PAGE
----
Acknowledgements. We would like to thank Guangquan Wang

and Yunfeng Dong for their help in field and laboratory work. This research was supported by the State Key Basic Research Development Program of China (No. 2011CB403200-04), the Na-tional Natural Science Foundation of China (31070432, 90511006 and 30925009), and Beijing Institutes of Life Science, Chinese Academy of Sciences (2010-Biols-CAS-0101).

Edited by: R. Conant

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Figure

Table 1. Results (P-values) of three-way ANOVAs on the effectsof day (D) and night (N) warming and their interactions on soil tem-perature and soil moisture over the four experimental years (2006–2009).3 4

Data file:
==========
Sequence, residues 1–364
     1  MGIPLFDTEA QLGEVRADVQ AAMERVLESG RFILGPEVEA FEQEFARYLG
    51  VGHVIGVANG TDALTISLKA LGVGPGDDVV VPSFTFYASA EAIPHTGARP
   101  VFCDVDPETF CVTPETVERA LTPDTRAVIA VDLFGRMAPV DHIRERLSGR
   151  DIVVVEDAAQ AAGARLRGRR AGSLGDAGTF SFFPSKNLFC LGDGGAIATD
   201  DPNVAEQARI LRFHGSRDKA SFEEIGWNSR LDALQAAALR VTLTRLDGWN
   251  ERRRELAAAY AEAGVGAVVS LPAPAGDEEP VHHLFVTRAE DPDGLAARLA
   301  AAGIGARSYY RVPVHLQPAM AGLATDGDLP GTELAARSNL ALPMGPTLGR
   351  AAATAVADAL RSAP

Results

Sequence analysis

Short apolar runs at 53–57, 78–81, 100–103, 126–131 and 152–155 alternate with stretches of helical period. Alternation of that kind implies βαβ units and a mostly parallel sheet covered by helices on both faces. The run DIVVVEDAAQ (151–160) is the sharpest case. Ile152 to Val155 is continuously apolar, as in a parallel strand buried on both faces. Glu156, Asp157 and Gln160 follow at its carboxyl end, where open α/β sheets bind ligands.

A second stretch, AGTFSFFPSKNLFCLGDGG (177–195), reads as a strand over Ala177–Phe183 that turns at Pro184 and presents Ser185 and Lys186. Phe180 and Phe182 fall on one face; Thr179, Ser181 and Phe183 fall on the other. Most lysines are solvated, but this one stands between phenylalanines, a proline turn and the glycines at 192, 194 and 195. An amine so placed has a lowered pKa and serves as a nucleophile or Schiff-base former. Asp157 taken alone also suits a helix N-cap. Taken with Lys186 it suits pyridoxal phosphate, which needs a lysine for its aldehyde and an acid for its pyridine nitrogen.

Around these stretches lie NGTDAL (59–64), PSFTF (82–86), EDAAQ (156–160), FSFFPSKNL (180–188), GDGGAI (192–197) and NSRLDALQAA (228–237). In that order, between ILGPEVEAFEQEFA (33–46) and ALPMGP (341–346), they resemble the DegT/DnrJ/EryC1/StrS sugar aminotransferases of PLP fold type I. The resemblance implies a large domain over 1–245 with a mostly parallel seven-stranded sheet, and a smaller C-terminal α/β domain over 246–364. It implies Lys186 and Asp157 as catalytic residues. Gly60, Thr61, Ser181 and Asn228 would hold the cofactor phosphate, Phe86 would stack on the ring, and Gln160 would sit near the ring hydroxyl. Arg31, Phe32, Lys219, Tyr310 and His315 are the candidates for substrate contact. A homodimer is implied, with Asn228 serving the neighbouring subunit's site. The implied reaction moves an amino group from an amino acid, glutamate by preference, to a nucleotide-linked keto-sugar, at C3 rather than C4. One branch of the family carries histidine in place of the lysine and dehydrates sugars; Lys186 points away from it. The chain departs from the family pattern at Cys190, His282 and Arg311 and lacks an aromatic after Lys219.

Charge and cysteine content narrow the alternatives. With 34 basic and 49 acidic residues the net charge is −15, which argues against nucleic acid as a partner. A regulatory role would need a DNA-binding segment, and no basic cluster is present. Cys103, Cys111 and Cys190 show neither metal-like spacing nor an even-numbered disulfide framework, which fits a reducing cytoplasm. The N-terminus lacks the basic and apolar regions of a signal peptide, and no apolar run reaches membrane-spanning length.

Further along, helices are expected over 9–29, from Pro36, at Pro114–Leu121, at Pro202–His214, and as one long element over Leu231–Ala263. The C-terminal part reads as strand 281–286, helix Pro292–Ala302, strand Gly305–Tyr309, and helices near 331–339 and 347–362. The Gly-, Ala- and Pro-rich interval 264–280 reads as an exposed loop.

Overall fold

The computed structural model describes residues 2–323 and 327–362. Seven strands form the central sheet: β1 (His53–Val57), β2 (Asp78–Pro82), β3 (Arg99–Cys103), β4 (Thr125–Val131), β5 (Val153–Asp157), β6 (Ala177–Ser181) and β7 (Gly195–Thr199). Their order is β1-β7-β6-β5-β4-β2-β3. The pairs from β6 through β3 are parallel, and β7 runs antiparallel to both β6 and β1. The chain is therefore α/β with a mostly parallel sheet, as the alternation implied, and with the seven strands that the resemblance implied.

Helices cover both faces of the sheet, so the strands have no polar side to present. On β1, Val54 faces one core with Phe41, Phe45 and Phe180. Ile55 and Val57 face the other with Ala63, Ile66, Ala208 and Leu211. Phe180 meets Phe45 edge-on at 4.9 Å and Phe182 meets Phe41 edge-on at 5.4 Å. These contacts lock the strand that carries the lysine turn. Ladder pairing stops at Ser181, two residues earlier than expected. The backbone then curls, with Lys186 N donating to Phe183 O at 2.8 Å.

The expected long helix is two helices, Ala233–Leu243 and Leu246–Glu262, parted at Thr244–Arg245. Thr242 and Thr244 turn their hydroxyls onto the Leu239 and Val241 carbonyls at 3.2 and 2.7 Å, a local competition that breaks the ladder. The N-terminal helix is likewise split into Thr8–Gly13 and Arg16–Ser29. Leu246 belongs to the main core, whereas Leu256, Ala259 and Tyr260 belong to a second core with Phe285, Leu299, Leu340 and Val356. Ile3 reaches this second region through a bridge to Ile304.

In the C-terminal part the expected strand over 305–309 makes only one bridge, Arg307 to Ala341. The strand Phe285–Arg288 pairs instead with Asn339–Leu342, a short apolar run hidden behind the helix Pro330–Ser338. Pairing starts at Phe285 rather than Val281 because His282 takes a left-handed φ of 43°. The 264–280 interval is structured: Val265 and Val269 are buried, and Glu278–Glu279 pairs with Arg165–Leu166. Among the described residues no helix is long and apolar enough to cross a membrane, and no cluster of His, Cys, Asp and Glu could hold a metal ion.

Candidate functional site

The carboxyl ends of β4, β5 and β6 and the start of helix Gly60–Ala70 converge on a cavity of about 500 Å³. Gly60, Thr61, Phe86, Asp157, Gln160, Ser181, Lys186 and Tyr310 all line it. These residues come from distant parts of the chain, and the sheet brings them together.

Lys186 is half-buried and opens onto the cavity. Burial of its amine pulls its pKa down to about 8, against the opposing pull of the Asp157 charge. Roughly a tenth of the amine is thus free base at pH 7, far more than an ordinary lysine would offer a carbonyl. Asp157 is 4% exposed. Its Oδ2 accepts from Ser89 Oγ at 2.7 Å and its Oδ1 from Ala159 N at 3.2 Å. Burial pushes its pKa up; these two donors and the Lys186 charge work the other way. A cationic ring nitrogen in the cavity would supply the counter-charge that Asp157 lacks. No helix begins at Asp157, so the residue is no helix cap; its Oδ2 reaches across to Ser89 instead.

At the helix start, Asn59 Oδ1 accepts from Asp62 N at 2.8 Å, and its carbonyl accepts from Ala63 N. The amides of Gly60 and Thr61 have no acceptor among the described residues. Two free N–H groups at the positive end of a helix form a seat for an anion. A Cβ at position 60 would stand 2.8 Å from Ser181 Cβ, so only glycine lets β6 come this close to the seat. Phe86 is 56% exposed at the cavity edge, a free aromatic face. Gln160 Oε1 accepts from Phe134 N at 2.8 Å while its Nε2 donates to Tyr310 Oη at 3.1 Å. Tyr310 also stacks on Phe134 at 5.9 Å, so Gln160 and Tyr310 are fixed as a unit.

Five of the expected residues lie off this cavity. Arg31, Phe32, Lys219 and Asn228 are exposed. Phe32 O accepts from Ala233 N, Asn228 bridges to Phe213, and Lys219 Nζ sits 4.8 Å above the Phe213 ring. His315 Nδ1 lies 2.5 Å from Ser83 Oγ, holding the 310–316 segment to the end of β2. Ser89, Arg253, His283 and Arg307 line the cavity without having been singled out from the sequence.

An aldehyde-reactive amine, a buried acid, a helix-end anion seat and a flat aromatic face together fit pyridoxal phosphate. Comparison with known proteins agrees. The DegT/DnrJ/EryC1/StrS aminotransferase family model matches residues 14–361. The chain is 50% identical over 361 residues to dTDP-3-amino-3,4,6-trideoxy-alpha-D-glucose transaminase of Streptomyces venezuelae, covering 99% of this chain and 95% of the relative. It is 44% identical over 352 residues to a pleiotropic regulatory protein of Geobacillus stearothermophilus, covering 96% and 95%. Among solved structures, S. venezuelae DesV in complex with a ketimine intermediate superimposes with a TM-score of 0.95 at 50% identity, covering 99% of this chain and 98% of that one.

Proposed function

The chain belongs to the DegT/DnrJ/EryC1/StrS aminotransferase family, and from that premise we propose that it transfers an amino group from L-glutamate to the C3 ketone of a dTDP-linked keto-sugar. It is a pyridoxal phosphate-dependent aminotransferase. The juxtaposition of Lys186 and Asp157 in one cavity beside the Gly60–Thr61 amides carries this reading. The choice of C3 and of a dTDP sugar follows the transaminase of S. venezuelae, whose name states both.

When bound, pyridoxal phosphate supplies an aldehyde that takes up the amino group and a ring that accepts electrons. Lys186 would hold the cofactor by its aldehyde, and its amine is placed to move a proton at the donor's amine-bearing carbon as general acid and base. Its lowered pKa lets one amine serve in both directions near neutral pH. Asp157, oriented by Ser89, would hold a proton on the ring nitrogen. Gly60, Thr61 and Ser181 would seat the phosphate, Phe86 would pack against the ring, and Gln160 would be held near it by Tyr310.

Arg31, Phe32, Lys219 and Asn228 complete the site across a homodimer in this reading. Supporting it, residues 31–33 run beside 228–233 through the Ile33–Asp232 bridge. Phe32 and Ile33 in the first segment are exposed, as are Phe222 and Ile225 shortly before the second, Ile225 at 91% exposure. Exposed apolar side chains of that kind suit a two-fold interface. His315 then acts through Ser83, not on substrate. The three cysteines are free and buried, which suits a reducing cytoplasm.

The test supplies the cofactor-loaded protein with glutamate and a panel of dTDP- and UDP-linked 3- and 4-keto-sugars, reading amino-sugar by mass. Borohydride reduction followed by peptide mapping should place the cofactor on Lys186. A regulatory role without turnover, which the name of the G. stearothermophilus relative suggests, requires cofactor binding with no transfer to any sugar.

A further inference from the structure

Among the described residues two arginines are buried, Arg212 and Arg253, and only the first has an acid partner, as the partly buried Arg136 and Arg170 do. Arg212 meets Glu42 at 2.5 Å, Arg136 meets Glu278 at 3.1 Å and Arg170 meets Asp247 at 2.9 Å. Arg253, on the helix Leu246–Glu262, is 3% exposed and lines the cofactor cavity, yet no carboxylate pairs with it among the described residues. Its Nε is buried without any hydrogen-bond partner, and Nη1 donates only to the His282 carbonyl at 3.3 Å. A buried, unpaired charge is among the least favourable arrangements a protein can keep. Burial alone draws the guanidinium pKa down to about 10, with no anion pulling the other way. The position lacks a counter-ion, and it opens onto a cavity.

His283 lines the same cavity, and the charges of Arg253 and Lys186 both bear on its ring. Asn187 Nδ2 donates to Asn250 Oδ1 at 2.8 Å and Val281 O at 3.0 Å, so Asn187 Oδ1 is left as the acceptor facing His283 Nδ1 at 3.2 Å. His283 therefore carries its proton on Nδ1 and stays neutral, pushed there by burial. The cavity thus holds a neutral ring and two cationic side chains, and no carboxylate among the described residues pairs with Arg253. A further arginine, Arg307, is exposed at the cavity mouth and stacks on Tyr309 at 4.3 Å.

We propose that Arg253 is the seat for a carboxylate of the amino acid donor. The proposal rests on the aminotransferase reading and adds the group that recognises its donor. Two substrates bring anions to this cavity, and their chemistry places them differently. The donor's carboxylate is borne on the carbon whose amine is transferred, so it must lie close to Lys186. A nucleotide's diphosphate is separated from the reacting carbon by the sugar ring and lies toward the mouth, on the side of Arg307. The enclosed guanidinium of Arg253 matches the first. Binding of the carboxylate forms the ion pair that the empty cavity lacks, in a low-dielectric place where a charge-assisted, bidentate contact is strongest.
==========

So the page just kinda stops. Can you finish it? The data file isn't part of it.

Table 3. Analyses of different warming treatments (day warming, night warming and continuous warming) on the root hazard ratio by theCox proportional hazards regression
Fig. 4 W. M. Bai et al.: Root lifespan and asymmetric warming
Fig. 6. Spatial dependence of day warming-induced changes in rootthe 24 plots. Each data point represents the relative or absolutedifference between the adjacent plots (ambient vs

References